[rfc-i] How "modern" word processors do it

Joe Hildebrand jhildebr at cisco.com
Sun May 27 00:20:09 PDT 2012


On 5/26/12 11:32 PM, "Joe Touch" <touch at isi.edu> wrote:


> If you feed it into a compiler, it won't work. There are VERY few examples of
> code in RFCs that is complete enough to compile (I provided one in RFC1810,
> but most are code fragments at best).

Did you look at draft-ietf-codec-opus?

Another data point, http://trustee.ietf.org/24.html says:

<blockquote>
It is common to use extracts from RFCs that are in
the form of computer code by incorporating them
in software. This is the only usage formally allowed
by the current IETF rules (RFC 3978).
</blockquote>

"common"

>>> I just grabbed part of two different containers. That can be useful for
>>> context. Why prevent it?
>> 
>> There's nothing that prevents it. For example, you could use the comma
>> operator in CSS (http://www.w3.org/TR/CSS1/#grouping) to select out the
>> pieces you want and stitch them together.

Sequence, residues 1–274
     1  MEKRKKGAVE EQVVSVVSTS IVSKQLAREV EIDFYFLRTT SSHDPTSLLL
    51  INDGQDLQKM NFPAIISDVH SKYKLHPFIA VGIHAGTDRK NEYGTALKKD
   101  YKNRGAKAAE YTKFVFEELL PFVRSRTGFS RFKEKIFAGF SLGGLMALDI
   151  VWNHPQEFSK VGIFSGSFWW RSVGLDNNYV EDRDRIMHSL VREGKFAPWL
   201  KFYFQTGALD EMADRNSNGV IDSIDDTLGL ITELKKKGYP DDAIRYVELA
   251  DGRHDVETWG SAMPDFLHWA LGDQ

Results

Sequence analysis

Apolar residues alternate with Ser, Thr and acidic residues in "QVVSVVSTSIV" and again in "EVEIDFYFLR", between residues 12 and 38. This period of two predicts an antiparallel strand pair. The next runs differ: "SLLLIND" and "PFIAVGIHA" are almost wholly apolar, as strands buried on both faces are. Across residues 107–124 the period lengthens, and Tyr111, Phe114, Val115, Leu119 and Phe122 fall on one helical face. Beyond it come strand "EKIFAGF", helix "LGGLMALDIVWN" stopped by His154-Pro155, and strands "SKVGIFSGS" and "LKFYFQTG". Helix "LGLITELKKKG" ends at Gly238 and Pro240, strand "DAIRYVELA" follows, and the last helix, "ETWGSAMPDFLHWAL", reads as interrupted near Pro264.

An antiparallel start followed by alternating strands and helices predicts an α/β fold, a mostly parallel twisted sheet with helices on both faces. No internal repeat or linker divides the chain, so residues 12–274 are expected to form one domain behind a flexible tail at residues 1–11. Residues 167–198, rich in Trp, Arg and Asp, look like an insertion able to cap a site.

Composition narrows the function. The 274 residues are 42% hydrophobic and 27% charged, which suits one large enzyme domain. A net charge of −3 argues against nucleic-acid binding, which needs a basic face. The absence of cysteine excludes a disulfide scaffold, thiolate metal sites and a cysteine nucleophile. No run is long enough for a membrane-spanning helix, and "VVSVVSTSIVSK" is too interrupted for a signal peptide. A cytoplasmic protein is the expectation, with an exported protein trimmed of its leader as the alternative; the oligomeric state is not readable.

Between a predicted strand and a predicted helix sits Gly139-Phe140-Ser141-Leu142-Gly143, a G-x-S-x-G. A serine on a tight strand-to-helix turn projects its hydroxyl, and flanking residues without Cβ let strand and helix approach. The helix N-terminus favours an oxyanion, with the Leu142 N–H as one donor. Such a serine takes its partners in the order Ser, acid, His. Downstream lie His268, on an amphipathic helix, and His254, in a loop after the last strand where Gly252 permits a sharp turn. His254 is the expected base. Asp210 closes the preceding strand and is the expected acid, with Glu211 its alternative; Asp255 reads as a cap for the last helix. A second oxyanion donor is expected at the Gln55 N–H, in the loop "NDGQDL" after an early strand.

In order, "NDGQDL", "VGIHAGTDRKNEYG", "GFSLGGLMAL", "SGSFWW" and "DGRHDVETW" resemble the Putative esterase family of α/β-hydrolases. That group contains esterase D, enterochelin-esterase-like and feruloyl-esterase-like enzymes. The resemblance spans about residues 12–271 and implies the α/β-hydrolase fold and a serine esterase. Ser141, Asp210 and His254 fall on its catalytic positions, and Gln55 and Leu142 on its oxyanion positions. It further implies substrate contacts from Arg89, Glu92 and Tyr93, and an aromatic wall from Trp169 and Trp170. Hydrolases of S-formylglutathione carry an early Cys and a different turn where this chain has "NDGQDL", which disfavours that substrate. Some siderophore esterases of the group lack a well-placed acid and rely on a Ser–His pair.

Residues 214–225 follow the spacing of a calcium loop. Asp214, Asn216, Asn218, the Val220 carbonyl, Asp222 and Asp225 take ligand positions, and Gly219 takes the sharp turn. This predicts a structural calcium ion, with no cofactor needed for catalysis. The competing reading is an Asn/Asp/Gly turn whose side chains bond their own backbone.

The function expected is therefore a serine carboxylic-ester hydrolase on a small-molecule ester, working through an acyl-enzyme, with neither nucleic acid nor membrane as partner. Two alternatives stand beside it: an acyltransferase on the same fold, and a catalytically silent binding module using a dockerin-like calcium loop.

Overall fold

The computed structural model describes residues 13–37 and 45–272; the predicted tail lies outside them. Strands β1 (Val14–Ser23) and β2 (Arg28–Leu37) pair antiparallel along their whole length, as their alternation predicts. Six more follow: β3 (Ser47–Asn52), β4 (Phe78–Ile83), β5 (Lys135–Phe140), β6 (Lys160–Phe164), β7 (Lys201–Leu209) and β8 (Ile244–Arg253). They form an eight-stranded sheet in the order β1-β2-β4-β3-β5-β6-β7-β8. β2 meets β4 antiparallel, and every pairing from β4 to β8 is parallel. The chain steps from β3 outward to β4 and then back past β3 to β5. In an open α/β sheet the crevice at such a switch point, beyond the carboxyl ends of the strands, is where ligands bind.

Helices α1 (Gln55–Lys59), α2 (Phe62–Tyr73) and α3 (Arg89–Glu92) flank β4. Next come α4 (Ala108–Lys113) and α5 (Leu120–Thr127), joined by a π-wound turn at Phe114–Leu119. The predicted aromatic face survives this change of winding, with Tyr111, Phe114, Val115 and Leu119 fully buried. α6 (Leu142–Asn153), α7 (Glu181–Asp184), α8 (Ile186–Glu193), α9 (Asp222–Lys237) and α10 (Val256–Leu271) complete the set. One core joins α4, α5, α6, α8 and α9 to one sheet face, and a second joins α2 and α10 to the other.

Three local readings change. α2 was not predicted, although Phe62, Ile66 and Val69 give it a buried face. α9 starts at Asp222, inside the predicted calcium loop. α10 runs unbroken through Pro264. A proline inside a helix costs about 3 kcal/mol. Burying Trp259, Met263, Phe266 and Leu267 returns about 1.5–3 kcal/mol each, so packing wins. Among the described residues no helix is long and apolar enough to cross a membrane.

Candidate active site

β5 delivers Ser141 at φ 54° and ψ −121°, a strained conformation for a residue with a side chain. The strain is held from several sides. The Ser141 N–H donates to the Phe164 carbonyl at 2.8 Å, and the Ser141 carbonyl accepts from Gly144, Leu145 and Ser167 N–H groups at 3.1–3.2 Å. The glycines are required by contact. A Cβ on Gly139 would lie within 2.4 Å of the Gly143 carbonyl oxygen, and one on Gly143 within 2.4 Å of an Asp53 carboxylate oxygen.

> 
> How does that reference have anything to do with selecting portions of two
> different containers?

This is turning into a seminar on CSS.

The comma operator matches both selectors on either side of the comma.
Think union.

For an example of how you would use this to actually retrieve the pieces you
want, jQuery (http://jquery.com/) provides an easy way to select HTML
fragments using CSS, plus some extensions.

You would select the various portions that you wanted using individual CSS
selectors, then glue them together with a comma.

This is just if you wanted to process the text programmatically.  If you
just wanted to do this as an end-user, of course you could drag your mouse
over the portion that you wanted in your browser, and select copy.
Containment has no bearing on that function.  The source browser will put
HTML into the clipboard that more-or-less looks like what you started with.
If you want it to be more exact, you view-source, then copy/paste.

> I've already shown how cut/paste of them into another doc destroys the overall
> XML structure where it won't compile without manual intervention.

I'm not talking about hand editing, which is likely the only place where the
XML structure gets mangled.  I'm talking about programmatic access to
information, typically a section at a time.

-- 
Joe Hildebrand



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